Friday, August 16, 2013


Flood zone businesses reporting brisk August traffic
Owners relieved by customers’ return
By Amanda Stephenson

Calgary Herald August 14, 2013

CALGARY - In the immediate aftermath of the June flood, Vine Arts was not a busy place.

The Victoria Park wine and spirits store had no water damage, but its regular customers — residents of the many highrise condos and apartments in the neighbourhood — had been evacuated. They weren’t out shopping, and people from other parts of the city weren’t venturing into the flood zone either.

“It was definitely slower. People weren’t sure if we were open or if the street was open,” said Vine Arts owner Jesse Willis.

Fast forward less than two months, and it’s a different story. The shop’s customers have returned, and then some.

“Our sales are really strong, even higher than expected or projected,” Willis said.

Vine Arts’ experience is not unique. Shopping and dining districts around the city — from Inglewood to Kensington to Chinatown — are reporting a strong August so far.

“The general consensus is things are as good, or even a little better, than can be expected. August is usually a slow time for everybody, but it seems like there’s just a little bit more activity around than what people normally experience,” said David Low, executive director of the Victoria Park Business Revitalization Zone.

The extra traffic comes as both a surprise and a relief. Calgary Economic Development estimates 4,000 businesses were affected in some way by the June flooding. Even businesses that experienced no water damage suffered due to prolonged power outages or a simple lack of customers.

“Many of our small businesses lost $10,000, $20,000, even $30,000 in revenue,” said Mary Moran, vice-president of marketing and communication for Calgary Economic Development. “Even though a lot of them were open, they were seeing traffic returning at a very slow rate ... Even in early July, we had some people who were reporting up to a 45 per cent decrease (in sales) year over year.”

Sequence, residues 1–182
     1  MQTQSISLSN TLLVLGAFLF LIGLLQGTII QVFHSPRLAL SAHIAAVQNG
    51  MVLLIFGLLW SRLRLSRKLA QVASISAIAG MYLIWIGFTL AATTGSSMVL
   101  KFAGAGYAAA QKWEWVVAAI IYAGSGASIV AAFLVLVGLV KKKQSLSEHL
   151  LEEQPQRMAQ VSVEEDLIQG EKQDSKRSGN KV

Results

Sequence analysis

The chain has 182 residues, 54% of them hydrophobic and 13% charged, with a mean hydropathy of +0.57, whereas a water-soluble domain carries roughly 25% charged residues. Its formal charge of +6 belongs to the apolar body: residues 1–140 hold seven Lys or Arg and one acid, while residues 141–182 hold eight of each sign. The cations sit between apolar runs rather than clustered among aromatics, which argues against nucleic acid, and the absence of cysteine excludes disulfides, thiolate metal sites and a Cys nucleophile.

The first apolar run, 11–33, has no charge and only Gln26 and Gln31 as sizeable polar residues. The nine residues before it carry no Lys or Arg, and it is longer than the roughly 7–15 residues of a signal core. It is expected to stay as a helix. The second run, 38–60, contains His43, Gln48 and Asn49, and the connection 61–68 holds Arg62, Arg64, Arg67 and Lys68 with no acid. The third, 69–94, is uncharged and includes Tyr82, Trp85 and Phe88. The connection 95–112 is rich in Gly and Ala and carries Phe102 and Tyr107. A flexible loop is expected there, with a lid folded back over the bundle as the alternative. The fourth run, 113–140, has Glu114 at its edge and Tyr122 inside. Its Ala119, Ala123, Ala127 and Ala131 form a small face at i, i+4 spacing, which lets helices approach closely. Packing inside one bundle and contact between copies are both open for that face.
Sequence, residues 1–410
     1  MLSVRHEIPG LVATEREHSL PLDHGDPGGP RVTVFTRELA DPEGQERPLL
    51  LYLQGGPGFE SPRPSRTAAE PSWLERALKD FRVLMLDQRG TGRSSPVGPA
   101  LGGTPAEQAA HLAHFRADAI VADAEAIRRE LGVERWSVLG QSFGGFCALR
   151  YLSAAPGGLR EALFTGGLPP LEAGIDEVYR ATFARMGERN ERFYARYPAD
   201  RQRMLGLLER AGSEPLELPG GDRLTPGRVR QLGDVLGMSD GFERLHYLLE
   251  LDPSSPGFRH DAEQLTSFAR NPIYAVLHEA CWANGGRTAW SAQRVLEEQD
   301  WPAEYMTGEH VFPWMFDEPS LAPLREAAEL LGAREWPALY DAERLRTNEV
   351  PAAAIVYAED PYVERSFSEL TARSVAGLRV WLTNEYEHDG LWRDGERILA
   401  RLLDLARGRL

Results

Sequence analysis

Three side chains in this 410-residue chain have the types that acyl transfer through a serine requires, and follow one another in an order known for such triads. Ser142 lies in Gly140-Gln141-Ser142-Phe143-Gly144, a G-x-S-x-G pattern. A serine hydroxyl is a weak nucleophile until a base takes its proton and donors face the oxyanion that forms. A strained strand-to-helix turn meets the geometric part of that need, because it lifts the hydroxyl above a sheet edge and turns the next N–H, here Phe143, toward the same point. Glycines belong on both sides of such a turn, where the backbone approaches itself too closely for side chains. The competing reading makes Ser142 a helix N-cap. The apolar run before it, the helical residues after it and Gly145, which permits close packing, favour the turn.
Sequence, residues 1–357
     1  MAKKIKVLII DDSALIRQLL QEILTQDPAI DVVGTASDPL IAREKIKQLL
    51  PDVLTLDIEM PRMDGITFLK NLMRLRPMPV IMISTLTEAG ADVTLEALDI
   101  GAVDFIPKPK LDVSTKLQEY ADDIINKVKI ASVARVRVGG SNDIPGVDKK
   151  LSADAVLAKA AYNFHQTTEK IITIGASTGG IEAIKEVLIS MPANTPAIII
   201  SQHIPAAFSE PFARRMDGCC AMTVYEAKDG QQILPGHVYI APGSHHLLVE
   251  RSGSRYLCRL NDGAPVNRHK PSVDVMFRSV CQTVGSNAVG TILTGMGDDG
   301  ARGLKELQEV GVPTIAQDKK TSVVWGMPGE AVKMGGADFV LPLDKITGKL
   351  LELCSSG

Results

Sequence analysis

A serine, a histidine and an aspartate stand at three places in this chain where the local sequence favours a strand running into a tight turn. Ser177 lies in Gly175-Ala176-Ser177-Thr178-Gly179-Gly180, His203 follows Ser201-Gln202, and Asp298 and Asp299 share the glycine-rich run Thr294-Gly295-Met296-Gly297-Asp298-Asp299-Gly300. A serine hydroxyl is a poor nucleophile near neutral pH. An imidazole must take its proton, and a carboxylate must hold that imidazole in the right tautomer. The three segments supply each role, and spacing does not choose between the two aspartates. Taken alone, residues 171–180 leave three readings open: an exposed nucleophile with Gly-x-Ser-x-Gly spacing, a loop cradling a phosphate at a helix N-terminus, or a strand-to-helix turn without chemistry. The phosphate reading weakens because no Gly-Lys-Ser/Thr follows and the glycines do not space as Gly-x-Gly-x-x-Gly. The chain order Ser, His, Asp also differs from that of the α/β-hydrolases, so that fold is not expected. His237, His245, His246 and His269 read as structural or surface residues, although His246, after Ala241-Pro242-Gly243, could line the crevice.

Moran said there are likely several reasons traffic might be up in August — including the fact that some flood-affected Calgarians likely cancelled their summer vacations and stayed closer to home this year. Weary of cleaning out basements, they’re finally taking the time to go out to eat and socialize again.

However, Moran said she also hopes businesses are also benefiting from the Rediscover Our City campaign, a massive advertising blitz launched by Calgary Economic Development in late July to drive visitor traffic to flood-affected neighbourhoods.

The campaign — which will soon start promoting communities outside of Calgary like Bragg Creek and High River — aims to clear up misperceptions about the state of certain areas. On social media, the campaign goes by the hashtag #yycisopen.

“We needed to encourage people — give them the confidence that there is enough open for them to have an enjoyable time,” Moran said.

Low said he thinks a lot of Calgarians are being driven by a sense of community to support local businesses that have been through a tough time.

“I think the flood has kicked the idea of supporting local into people’s consciousness just a little bit higher,” he said.

Photo By: Carl Delzer

No comments: